Outbreaks develop irrespective of property lines, being equally evident in wilderness areas, mountain subdivisions and back yards. Even windbreak or landscape pines many miles from the mountains can succumb to beetles imported in infested firewood. Mountain pine beetles develop in pines, particularly ponderosa, lodgepole, Scotch and limber pine. Bristlecone and pinyon pine are less commonly attacked. During early stages of an outbreak, attacks are limited largely to trees under stress from injury, poor site conditions, fire damage, overcrowding, root disease or old age.
However, as beetle populations increase, MPB attacks may involve most large trees in the outbreak area. A related insect, the Douglas-fir beetle (D. pseudotsugae), occasionally damages Douglas-fir. Most often, outbreaks are associated with previous injury by fire or western spruce budworm. (See fact sheet 5. 543, Western Spruce Budworms). Spruce beetle (D. rufipennis) is a pest of Engelmann and Colorado blue spruce in Colorado. Injured pines also can be attacked by the red turpentine beetle (D. valens).
Mountain pine beetles and related bark beetles in the genus Dendroctonus can be distinguished from other large bark beetles in pines by the shape of the hind wing cover (Figure 1, top). In side view, it is gradually curved. The wing cover of Ips or engraver beetles, another common group of bark beetles attacking conifers, is sharply spined (Figure 1, bottom). Signs and Symptoms of MPB Attack Popcorn-shaped masses of resin, called "pitch tubes," on the trunk where beetle tunneling begins. Pitch tubes may be brown, pink or white (Figures 2 and 6).
Boring dust in bark crevices and on the ground immediately adjacent to the tree base. Evidence of woodpecker feeding on trunk. Patches of bark are removed and bark flakes lie on the ground or snow below tree. Foliage turning yellowish to reddish throughout the entire tree crown. This usually occurs eight to 10 months after a successful MPB attack. Presence of live MPB (eggs, larvae, pupae and/or adults) as well as galleries under bark. This is the most certain indicator of infestation. A hatchet for removal of bark is needed to check trees correctly (Figures 3, 5 and 8). Bluestained sapwood (Figure 9).
Check at more than one point around the tree's circumference. |[pic] | |Figure 10: Large, uninfested pine being preventively sprayed. This | |protects high-value trees and should be done annually between April 1 | |and July 1. | Natural controls of mountain pine beetle include woodpeckers and insects such as clerid beetles that feed on adults and larvae under the bark. However, during outbreaks these natural controls often fail to prevent additional attacks. Extreme cold temperatures also can reduce MPB populations.
For winter mortality to be a significant factor, a severe freeze is necessary while the insect is in its most vulnerable stage; i. e. , in the fall before the larvae have metabolized glycerols, or in late spring when the insect is molting into the pupal stage. For freezing temperatures to affect a large number of larvae during the middle of winter, temperatures of at least 30 degrees below zero (Fahrenheit) must be sustained for at least five days. Logs infested with MPB can be treated in various ways to kill developing beetles before they emerge as adults in summer.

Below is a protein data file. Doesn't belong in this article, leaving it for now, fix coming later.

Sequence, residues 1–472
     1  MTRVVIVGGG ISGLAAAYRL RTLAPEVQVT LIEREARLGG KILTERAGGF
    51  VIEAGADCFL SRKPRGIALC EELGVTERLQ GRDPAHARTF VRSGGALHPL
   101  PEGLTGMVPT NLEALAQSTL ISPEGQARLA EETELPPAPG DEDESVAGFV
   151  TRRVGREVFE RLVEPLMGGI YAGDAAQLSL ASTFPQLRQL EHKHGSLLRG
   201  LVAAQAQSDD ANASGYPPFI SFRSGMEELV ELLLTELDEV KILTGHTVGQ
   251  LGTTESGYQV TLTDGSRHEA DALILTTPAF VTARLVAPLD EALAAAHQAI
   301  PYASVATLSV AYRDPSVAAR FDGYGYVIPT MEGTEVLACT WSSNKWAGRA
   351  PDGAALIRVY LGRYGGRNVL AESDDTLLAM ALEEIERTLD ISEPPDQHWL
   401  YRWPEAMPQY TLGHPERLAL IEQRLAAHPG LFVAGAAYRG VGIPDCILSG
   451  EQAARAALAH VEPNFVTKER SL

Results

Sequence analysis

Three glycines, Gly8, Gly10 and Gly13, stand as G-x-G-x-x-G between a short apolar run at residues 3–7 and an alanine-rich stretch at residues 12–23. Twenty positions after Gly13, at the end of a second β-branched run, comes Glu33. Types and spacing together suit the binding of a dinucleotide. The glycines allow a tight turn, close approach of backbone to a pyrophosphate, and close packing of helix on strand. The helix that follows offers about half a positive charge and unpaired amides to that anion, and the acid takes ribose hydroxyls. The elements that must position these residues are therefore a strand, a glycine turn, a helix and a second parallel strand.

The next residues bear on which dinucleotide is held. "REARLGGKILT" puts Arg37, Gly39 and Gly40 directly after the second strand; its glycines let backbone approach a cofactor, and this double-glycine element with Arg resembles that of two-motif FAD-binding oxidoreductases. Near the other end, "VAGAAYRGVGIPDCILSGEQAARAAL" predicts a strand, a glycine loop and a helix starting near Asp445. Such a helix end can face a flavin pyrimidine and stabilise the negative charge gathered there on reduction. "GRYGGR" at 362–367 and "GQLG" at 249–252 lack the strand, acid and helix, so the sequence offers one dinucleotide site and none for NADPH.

One very effective way to kill larvae developing under the bark (though very labor intensive) is by peeling away the bark, either by hand or mechanically; this exposes the larvae to unfavorable conditions -- the larvae will dehydrate, starve and eventually die. Logs my also be burned or scorched in a pile -- preferably when there is snow on the ground (contact your local forester for assistance). They can also be buried under at least eight inches of soil, or chipped. Following beetle emergence, wood can be used without threat to other trees.
Chemical control options for MPB larvae have been greatly limited in recent years. At present, there are no labeled pesticides for use on MPB. Solar treatments may be appropriate in some areas of Colorado to reduce beetle populations in infested trees. For the treatment to be effective, the temperature under the bark much reach 110 degrees Fahrenheit or more. Such treatments can be performed with or without plastic. This method is also labor intensive; contact your local forester for more details on solar treatments. Prevention An important method of prevention involves forest management.
In general, MPB prefers forests that are old and dense. Managing the forest by creating diversity in age and structure with result in a healthy forest that will be more resilient and, thus, less vulnerable to MPB. Most mature Colorado forests have about twice as many trees per acre as those forests which are more resistent to MPB. Contact your local forester for more information on forest management practices. Certain formulations of carbaryl (Sevin and others) permethrin (Astro, Dragnet and others), and bifenthrin (Onyx) are registered for use to prevent attacks on individual trees.
These sprays are applied to living green trees in early summer to kill or deter attacking beetles. This preventive spray is generally quite effective through one MPB flight (one year). |[pic] | |Figure 11: The appearance of a forest thinned to help prevent MPB. This| |can also improve mountain views and reduce fire hazard. | During epidemic conditions, the pressure from beetle populations may result in less satisfactory results due to several factors: